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Increasing responding to others' joint attention directives using circumscribed interests

Authors


  • We thank the children, families, and schools who participated in this project.

Address correspondence to Emily A. Jones, Department of Psychology, Queens College, 65-30 Kissena Boulevard, Queens, New York 11367 (e-mail: Emily.jones@qc.cuny.edu).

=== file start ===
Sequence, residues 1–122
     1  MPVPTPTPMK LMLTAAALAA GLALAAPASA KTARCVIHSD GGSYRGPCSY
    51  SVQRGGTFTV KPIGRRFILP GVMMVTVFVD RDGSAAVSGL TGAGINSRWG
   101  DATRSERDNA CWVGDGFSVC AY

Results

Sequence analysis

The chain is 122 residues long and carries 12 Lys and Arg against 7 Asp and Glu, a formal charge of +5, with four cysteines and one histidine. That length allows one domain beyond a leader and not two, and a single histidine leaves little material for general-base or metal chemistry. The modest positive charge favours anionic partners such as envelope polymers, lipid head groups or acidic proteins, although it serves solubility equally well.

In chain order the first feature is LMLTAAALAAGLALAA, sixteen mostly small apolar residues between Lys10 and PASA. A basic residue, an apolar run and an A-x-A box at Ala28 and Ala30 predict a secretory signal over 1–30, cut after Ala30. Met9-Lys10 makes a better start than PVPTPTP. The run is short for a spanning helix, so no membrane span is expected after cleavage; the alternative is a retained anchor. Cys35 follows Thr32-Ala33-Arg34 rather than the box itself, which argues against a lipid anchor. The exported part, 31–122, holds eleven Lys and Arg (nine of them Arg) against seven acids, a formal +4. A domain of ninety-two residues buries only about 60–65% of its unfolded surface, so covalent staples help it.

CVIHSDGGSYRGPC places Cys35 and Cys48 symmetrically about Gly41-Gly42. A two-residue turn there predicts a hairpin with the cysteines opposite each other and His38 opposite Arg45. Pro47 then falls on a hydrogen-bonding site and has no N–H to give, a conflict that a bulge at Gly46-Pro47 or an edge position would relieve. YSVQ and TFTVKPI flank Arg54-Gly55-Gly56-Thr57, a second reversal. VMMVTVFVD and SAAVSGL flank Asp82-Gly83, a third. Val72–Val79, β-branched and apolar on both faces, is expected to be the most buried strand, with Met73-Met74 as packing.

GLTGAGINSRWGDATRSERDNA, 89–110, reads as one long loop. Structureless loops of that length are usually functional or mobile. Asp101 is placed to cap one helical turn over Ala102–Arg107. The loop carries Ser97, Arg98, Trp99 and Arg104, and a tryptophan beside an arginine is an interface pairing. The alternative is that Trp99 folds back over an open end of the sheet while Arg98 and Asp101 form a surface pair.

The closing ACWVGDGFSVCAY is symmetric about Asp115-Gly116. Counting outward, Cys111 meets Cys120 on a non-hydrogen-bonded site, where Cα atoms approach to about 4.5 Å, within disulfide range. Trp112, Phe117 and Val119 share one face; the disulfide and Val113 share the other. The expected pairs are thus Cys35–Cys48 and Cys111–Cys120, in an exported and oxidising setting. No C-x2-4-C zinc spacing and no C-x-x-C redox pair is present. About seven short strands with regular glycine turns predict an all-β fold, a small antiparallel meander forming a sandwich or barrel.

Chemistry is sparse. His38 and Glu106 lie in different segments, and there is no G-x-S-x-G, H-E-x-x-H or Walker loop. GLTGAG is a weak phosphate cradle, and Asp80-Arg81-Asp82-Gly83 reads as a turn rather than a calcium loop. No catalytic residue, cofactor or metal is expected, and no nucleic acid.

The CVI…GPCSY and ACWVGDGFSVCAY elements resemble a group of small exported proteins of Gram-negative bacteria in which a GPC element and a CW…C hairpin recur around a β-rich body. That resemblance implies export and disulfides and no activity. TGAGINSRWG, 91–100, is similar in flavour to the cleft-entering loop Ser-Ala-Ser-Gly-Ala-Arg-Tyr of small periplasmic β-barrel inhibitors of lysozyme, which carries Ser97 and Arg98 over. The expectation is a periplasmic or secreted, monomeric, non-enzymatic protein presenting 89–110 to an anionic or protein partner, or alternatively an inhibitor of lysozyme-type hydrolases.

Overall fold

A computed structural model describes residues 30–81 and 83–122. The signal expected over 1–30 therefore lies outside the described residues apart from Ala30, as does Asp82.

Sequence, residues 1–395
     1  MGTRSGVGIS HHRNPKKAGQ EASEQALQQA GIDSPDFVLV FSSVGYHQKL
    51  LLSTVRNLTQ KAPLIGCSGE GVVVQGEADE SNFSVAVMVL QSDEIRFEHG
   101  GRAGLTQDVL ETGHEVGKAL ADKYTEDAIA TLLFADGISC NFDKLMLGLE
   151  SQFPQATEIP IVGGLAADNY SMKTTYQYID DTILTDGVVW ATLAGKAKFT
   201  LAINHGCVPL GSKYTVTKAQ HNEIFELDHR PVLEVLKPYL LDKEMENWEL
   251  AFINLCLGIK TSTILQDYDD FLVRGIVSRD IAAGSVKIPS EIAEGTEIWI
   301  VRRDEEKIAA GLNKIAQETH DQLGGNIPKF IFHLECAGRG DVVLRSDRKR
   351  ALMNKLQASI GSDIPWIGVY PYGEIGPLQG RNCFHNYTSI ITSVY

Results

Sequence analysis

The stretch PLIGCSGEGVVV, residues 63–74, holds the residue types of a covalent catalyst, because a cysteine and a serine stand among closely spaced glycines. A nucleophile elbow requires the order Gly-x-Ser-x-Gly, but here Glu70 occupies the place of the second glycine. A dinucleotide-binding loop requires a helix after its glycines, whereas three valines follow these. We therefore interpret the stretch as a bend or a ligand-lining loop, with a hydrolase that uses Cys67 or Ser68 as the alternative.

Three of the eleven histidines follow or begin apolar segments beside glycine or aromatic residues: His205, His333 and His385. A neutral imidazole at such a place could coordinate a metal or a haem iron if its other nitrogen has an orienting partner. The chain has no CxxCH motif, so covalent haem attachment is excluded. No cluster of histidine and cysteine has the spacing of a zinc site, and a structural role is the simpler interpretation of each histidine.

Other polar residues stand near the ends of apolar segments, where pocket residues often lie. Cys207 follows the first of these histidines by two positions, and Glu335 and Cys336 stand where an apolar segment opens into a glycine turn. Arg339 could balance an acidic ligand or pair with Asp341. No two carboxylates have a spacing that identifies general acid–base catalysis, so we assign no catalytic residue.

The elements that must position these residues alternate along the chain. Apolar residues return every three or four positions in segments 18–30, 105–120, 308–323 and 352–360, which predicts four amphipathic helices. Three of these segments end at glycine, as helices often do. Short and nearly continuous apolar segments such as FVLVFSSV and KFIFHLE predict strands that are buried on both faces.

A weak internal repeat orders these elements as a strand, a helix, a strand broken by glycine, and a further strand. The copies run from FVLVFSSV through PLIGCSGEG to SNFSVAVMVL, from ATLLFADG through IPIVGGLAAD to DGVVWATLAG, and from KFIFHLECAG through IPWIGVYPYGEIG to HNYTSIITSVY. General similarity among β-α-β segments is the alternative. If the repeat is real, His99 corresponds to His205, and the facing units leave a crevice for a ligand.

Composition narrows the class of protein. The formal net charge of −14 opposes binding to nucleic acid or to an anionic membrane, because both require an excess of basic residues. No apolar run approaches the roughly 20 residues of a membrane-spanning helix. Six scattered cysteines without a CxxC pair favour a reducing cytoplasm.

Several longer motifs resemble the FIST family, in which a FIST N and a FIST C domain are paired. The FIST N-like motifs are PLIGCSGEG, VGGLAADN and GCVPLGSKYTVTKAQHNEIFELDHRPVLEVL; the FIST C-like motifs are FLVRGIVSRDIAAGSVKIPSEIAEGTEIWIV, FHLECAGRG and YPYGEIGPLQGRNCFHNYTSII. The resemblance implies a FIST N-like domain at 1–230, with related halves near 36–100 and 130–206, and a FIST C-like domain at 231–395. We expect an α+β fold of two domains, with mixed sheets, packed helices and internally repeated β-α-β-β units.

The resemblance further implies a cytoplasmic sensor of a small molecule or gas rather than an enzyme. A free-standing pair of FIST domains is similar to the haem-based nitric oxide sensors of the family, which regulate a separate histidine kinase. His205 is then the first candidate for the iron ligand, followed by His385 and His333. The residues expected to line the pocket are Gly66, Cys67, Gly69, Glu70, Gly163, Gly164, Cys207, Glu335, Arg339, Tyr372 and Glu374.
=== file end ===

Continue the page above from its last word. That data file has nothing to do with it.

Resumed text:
Abstract

Children with autism show significant deficits in joint attention (JA), which occurs when 2 people engage in verbalizations, gestures, or eye contact with each other and a common object. Children with autism also exhibit intense interests in specific topics (i.e., circumscribed interests; CI). This study investigated the effectiveness of teaching responding to JA directives (RJA) to 3 children with autism while engaged in CI activities. RJA increased during intervention and generalized from CI to preferred activities.

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